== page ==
Regular sunscreen can harm coral, it’s inhabitants and us..
My Favourite place. Under the water at Ningaloo reef. The coral is beautiful, untouched, a haven for fish, sharks, octopus, turtles, manta-rays… the list goes on! When I went snorkelling on Ningaloo reef I was told to use sunscreen sparingly as it can damage the reef. When you swim with sunscreen on, chemicals like oxybenzone and octinoxate can seep into the water, where they are absorbed by corals. These substances contain nonoparticles that can disrupt coral’s reproduction and growth cycles, ultimately leading to bleaching. The ICRI (International Coral Reef Initiative) describe these chemicals as “known environmental pollutants” which can be “incredibly toxic to juvenile stages of many wildlife species, including corals, fish, macroalgae and even people”.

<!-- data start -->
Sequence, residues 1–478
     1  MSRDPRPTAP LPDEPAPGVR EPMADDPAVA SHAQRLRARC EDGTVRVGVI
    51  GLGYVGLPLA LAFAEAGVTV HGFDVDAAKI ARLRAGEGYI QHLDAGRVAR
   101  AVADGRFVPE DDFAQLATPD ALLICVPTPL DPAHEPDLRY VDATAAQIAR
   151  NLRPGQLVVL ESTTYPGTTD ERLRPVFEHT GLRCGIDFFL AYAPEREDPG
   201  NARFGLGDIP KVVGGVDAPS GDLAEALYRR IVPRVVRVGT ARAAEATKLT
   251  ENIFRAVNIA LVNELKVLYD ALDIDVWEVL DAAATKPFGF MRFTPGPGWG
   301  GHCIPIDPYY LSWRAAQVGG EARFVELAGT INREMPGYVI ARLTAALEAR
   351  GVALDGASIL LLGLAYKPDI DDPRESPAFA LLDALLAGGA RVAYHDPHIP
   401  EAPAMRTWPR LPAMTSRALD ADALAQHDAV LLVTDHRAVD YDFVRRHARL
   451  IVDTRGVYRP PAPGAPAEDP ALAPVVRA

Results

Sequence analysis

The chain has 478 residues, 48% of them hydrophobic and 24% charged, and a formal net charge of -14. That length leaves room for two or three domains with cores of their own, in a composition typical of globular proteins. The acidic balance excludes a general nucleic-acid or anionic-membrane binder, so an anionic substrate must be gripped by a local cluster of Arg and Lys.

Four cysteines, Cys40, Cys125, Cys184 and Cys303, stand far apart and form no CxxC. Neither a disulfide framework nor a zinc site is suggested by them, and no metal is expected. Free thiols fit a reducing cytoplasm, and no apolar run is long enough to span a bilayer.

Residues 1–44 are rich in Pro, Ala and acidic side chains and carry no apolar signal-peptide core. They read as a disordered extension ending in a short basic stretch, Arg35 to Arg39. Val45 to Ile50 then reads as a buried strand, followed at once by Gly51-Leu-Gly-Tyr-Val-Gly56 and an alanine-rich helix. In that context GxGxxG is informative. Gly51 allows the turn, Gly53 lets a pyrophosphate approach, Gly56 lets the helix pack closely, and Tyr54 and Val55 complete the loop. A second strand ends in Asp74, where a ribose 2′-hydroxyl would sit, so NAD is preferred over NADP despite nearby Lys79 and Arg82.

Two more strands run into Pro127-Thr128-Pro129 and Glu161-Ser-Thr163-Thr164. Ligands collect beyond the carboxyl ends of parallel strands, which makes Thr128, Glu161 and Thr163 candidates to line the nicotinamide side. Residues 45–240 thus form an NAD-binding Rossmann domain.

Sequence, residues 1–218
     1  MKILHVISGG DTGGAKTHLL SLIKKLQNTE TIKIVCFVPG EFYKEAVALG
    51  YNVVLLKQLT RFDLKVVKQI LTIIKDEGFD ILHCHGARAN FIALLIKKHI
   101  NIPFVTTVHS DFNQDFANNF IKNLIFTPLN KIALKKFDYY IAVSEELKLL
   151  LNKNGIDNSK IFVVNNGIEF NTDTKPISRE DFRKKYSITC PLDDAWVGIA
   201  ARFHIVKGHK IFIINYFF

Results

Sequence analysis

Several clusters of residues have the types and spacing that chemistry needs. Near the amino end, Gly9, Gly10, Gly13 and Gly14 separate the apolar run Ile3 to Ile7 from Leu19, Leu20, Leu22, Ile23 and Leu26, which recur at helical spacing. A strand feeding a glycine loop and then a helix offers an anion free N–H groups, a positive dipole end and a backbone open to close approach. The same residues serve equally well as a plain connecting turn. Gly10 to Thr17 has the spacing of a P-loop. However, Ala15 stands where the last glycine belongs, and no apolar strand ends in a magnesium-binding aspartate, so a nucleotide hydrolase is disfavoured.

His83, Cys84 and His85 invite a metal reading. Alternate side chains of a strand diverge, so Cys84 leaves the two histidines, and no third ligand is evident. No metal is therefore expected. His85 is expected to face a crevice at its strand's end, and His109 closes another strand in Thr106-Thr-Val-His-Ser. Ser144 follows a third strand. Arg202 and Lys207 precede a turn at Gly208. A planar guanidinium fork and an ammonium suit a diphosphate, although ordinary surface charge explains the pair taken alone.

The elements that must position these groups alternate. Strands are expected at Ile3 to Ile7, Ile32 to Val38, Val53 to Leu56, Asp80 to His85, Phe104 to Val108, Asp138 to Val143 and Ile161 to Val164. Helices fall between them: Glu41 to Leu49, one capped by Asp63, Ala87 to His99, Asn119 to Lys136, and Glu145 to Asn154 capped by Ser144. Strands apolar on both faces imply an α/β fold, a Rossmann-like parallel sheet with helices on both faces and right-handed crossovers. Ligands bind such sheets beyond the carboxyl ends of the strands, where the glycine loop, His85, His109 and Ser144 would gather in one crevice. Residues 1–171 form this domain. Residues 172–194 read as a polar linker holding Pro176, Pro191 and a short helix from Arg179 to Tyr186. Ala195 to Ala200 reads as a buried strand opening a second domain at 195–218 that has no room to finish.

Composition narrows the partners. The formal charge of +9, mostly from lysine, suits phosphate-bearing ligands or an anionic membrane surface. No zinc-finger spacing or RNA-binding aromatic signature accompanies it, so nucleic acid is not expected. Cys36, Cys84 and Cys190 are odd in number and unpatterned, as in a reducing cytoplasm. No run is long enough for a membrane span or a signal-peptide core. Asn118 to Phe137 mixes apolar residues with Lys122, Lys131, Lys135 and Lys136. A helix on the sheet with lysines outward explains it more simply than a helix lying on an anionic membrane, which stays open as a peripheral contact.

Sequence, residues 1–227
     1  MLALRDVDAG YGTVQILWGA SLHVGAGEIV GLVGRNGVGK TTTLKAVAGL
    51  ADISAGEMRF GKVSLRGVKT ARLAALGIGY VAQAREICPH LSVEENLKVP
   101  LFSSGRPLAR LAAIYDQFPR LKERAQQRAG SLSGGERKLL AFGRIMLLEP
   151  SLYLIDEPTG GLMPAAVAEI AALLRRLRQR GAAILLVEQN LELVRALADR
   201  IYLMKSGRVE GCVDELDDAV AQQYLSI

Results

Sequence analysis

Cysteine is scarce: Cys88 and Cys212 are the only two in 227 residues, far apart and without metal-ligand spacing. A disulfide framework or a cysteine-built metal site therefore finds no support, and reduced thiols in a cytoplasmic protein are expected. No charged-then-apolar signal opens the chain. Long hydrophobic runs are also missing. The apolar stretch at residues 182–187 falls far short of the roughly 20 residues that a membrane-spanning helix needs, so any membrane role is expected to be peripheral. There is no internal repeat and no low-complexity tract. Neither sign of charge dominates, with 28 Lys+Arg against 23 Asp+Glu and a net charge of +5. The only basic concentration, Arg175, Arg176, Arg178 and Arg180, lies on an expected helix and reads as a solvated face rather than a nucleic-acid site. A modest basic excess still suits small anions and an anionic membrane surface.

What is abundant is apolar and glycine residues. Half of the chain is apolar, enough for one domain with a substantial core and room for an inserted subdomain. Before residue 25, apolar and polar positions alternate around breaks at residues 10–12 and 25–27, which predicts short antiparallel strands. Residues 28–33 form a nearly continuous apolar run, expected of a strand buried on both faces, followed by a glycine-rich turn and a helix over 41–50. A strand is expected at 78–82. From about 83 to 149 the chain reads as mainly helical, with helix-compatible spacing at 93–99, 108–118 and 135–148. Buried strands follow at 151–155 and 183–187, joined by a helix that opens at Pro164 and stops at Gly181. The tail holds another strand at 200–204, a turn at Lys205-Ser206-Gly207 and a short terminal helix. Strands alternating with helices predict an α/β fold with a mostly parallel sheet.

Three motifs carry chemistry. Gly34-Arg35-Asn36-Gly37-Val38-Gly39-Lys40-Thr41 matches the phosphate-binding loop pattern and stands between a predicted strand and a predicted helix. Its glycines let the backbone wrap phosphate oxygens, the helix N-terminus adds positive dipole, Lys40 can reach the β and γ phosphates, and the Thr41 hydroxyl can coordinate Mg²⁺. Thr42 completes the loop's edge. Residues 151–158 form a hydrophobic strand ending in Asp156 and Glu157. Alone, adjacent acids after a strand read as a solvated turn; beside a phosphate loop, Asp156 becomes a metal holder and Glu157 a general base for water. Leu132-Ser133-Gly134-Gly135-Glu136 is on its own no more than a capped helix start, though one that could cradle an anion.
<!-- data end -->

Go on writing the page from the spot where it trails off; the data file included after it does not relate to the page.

Even of you don’t swim in the ocean, it usually gets onto the sand when you spray it on or go down the drain after you shower and still get washed into the ocean.
The world’s coral reefs are in trouble already with warming oceans, pollution, development and now apparently 14,000 tons of sunscreen washing into the ocean each year!
The word is getting out about this harmful sunscreen and on January 1, 2021 Hawaii and Key West, Florida will be banning the sale of sunscreens containing oxybenzone and octinoxate. Palau a small country surrounded by one of the largest marine reserves on the planet has already banned them. It’s only a matter of time before more countries follow suit.
An alternative to normal sunscreen is reef friendly sunscreen which does not contain these chemicals. SunButter sunscreen is a plant based sunscreen and does not contain oxybenzone or octinoxate. Not only does it not kill the coral but it also won’t seep into your bloodstream. You can buy SunButter sunscreen and zincs here.